Lesson Two: Combinations Of Sounds That Are Not In Your Native Language

The main reasons why speaking English is so hard

This special pronunciation section will explain to you why English is hard to speak correctly and give you some help on improving your pronunciation. These are the main reasons why English is so hard. There is a lesson for each one.

Note that the pronunciation examples are in American English accent. In the last lesson you will find American and British English examples.

These lessons are sponsored by: EyeSpeak English

You most likely know how to say these sounds: 'm' 'p', 's' and 'd'. However do you know how to say them when they are together? For example have you ever had to say a word like 'glimpsed'

There are FOUR consonants in a row at the end of this word, 'mpsd'. The 'e' is not a vowel. Even though 'glimpsed' has seven sounds in it, it is only ONE syllable!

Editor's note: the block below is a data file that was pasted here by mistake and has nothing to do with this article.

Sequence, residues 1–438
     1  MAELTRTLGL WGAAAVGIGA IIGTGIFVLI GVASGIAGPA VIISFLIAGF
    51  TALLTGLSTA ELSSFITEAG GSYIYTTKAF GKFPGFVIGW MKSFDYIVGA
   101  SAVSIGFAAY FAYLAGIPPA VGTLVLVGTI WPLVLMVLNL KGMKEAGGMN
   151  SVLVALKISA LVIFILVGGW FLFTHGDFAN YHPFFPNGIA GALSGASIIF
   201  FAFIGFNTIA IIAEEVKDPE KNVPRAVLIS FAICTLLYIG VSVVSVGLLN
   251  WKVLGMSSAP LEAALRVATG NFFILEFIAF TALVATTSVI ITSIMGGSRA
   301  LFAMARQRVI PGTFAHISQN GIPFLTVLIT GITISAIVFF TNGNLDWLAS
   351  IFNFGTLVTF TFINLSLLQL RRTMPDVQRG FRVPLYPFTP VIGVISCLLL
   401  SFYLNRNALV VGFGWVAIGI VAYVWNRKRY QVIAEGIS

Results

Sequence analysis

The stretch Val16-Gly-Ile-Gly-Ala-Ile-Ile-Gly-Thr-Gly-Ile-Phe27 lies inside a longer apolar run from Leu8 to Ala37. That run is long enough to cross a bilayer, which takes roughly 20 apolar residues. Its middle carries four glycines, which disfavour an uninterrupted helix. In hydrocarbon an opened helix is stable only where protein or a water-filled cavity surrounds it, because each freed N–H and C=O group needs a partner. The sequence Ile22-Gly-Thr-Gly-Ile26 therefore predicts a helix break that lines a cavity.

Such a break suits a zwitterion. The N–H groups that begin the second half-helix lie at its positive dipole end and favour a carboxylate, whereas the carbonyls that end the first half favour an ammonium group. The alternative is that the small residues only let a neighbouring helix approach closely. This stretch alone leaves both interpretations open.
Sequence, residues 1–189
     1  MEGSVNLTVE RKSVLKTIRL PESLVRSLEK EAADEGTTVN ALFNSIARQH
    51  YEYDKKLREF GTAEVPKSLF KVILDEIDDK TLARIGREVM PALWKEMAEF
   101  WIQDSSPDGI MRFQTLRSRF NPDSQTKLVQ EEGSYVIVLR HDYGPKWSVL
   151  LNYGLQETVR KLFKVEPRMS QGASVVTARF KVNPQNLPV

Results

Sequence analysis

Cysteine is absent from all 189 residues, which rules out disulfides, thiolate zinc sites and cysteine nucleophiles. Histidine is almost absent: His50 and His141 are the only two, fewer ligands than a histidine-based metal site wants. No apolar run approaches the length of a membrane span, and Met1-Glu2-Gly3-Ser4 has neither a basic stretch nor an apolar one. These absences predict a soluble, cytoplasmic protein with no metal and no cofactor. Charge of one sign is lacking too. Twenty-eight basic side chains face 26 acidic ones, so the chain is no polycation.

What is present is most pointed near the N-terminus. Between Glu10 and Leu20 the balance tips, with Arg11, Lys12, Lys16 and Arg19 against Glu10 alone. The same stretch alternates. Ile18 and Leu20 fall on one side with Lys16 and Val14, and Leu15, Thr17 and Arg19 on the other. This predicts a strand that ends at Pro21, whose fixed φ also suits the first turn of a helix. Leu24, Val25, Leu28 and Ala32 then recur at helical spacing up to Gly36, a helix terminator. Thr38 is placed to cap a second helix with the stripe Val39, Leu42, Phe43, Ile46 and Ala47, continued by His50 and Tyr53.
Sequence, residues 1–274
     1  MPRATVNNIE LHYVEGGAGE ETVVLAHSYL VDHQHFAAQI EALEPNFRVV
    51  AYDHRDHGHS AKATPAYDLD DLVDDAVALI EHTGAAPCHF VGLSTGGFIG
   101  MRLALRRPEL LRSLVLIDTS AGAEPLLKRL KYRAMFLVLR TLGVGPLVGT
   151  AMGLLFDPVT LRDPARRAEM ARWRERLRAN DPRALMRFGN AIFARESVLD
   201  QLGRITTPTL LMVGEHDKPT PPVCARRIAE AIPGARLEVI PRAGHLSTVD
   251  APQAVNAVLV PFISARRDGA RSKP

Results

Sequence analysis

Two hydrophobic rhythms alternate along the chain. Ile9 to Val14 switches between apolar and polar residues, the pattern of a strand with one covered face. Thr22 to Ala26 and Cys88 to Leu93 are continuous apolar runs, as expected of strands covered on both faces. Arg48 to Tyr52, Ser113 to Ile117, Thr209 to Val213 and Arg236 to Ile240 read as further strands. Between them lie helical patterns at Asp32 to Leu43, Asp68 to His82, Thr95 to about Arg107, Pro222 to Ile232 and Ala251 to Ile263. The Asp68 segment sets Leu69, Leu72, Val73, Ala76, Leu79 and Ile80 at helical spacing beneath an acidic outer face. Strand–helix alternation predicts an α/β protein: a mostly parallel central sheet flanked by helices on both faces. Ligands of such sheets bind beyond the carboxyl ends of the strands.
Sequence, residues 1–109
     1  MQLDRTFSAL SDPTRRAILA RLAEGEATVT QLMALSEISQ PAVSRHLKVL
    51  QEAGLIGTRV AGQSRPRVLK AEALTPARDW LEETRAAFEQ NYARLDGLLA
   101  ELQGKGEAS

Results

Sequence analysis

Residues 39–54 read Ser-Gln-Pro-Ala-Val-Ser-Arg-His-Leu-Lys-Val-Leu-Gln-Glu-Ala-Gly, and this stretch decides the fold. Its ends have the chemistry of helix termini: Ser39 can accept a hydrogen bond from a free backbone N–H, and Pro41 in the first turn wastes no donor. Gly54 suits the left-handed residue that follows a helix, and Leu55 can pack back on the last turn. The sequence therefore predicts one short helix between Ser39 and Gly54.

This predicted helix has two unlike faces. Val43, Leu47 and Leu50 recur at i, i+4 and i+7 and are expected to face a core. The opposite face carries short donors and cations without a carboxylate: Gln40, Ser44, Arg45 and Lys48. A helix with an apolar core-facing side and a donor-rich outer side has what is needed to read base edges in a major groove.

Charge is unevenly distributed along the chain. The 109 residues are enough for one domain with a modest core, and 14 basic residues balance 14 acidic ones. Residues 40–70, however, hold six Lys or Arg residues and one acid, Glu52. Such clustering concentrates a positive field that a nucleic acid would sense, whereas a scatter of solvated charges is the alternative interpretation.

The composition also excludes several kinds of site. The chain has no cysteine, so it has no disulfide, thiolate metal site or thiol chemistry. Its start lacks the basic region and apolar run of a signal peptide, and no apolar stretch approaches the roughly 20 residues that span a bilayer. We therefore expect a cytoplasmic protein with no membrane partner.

Here are some common consonant clusters and examples:

Cluster Examples
br bridge abrupt bright
bd absorbed bribed disturbed
fs cliffs beliefs
ft craft shaft left
mp bump lump camp
pt egypt except suspect
ths baths maths paths
nth month tenth seventh
nd friend land hand
sp sponge clasp lisp
st start last sting
lmd filmed
lk milk silk
str strength destroy strip
vs behaves waves valves

You need to know that when you are saying words with consonant clusters in them it is very important that you say all the consonants as one syllable. A mistake often made by Asian speakers among others is to put them into extra syllables. For example:

'glimpsed' could become 'glimp sid'

or 'bribed' could become 'brib id'

This does not sound correct.

Finally here is an exercise to let you know when you have really mastered this. Try saying the following:
'The sixth twisty crisp'